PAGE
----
"We look forward to focusing on gold from late August," Crowell adds, saying the new Gold Fix process will likely be chosen in September to be implemented fully by year-end.
GOLD BULLION prices held in a tight range around last week's close of $1307 per ounce in Asia and London on Monday, while the US Dollar ticked down from 1-month highs ahead of this week's key GDP data and Federal Reserve statement on monetary policy.
Commodity markets were flat overall as crude oil slipped but lead and platinum rose.
Russia's stock market fell to 12-week lows, as did its Ruble currency, ahead of the European Union meeting to finalize new sanctions against Moscow over its support for separatists in Ukraine.
The Hague-based Permanent Court of Arbitration today ordered Moscow to pay $50 billion in compensation to the former majority shareholders of Yukos, the oil company broken up and re-sold after founder Mikhail Khodorkovsky was jailed on political charges.
New data today showed activity in the US services industry holding this month at the strongest since early 2010.
Pending US home sales however fell in June for the first time since February, separate figures showed.
United Nations' secretary general Ban Ki-Moon meantime said Gaza is in a "critical condition" and called for a 12-hour truce between Hamas and Israel to be extended "in the name of humanity".
"The Fed is likely to sound another cautious note on interest rates at [Wednesday's] meeting," says the latest precious metals analysis from Jonathan Butler at Japanese conglomerate Mitsubishi, "but any signs of an early rate tightening will be seized on by gold bears."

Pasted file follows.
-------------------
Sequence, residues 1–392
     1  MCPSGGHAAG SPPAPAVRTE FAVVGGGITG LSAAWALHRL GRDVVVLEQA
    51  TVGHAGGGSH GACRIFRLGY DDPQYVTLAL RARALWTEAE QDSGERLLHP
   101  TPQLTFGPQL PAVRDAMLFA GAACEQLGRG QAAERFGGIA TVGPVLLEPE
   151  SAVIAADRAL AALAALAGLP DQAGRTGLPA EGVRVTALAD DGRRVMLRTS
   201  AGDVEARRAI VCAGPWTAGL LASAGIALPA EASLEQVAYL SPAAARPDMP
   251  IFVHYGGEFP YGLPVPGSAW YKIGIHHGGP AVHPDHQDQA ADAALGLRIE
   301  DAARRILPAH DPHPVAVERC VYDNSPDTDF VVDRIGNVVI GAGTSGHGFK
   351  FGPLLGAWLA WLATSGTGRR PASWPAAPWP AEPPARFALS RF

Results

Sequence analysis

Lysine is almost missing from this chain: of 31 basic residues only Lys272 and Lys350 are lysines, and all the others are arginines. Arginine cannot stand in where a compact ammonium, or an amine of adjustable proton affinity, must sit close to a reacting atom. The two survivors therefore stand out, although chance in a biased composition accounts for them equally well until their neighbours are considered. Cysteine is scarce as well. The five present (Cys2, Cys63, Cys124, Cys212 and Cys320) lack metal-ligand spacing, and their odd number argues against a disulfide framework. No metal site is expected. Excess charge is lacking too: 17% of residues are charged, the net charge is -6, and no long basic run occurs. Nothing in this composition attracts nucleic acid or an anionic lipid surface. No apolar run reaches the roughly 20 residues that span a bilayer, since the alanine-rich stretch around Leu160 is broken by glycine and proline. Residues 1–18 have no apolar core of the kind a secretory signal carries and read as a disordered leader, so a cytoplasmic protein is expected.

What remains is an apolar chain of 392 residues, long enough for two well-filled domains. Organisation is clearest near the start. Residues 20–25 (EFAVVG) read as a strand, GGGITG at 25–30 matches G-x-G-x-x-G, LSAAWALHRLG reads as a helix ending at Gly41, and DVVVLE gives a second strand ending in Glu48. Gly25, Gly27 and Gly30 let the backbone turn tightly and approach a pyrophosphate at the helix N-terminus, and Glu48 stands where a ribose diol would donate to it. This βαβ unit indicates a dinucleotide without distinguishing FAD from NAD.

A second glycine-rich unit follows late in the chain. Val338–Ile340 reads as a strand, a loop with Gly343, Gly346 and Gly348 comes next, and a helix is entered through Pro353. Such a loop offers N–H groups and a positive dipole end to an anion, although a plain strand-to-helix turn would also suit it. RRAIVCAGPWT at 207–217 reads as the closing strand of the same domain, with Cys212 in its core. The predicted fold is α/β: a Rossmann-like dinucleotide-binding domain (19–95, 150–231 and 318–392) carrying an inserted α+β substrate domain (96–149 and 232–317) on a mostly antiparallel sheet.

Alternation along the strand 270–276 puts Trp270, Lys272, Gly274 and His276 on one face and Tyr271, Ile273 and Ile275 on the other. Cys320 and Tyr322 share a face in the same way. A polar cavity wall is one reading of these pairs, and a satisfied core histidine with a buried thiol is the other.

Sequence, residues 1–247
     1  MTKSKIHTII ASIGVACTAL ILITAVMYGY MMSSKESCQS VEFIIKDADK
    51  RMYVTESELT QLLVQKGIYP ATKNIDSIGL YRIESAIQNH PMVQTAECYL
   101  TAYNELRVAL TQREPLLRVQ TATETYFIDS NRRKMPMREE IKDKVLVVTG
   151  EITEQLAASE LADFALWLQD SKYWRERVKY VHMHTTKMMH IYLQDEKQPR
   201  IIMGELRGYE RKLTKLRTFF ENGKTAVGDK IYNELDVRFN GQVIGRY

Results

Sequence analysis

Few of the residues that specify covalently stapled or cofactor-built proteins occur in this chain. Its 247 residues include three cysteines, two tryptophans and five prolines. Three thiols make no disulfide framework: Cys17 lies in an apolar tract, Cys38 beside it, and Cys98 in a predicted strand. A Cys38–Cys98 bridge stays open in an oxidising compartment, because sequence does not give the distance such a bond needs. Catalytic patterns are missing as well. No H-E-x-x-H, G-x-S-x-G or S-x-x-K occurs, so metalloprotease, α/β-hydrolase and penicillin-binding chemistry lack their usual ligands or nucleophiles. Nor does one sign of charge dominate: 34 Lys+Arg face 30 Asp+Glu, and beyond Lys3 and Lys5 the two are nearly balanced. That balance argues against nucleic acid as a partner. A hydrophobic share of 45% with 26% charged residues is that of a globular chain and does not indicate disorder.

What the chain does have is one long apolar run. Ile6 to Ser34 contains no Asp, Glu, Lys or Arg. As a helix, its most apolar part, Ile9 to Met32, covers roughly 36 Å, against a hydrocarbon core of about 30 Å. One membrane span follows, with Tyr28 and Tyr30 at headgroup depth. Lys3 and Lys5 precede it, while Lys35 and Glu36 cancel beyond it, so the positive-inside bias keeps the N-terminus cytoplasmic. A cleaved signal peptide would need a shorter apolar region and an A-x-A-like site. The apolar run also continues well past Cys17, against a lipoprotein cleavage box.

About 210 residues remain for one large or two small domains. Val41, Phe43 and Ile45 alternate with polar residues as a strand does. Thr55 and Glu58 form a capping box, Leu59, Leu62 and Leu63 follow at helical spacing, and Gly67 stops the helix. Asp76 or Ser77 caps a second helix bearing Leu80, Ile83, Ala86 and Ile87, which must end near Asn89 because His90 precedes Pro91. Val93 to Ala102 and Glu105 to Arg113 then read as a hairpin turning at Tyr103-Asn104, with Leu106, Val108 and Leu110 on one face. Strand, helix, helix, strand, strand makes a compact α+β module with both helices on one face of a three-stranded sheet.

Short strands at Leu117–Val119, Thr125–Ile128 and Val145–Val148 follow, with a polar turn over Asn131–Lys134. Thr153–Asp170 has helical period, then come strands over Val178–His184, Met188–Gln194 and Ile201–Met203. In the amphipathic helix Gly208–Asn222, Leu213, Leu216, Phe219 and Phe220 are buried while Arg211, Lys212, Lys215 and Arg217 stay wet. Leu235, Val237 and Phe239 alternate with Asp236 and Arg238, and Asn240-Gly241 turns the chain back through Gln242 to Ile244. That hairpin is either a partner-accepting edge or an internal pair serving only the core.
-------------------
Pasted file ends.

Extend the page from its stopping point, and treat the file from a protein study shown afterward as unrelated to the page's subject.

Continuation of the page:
Speculative traders last week cut their total number of bearish bets on gold futures and options to the lowest level since late March, new data from US regulator the CFTC showed after Friday's close.
That took speculative traders' overall bullish position – net of those bearish bets – up to a notional 563 tonnes of gold bullion, some 70% greater than the last 18 months' average.
"Ongoing geopolitical tensions," reckons a precious metals note from Swiss investment and London bullion bank UBS, "likely caused nervousness among shorts, prompting them to close out positions."
"The [net bullish] speculative position in precious metals is high," says the latest commodities analysis from Standard Bank, noting that – as a percentage of open interest in US derivatives contracts – "gold, silver and platinum all have net speculative length close to the highest level seen this year, or well above the 5-year average level, or both."
With bullishness already elevated, "their prices are likely to struggle to regain upward momentum," says Standard Bank's Walter de Wet.
US investment bank Morgan Stanley says its commodity analysts now expect "a sustained, re-acceleration in global growth, characterised by less negative surprises than we have seen over the past year – most of which boosted gold prices."
But London bullion market-maker Credit Suisse also notes three "unusual headwinds" – of tighter fiscal policy, relatively tight credit in US mortgage markets, and low household expectations for future wage growth – which it believes will prevent the US Fed under Janet Yellen from raising interest rates anytime soon.
GOLD PRICES headed for their lowest Friday close in 6 weeks in London today, trading sideways at $1295 per ounce as European stock markets failed to follow Asian equities sharply higher on the day.
With Shanghai's stock market closing the week 2.9% higher, Shanghai gold prices ended 1.5% down at the lowest since 19 June.
India's Gems & Jewellery Export Promotion Council said gold bar imports to the world's former No.1 consumer nation doubled last month from the same month in 2013.
But in what Reuters calls "a seasonally slack period", improved supplies have seen Indian premiums over London gold prices halve this week, falling as low as $5 per ounce vs. late 2013's record level of $160 when the current import curbs first hit.
"In our opinion," say analysts at Commerzbank in Frankfurt, "the weak gold demand figures out of Asia – not only China – preclude any rise in gold prices."
"Positive economic data put a dampener on the gold market," reckons an Asian trading desk quoted by Reuters, "as risk assets caught a bid and safe-haven buying dried up."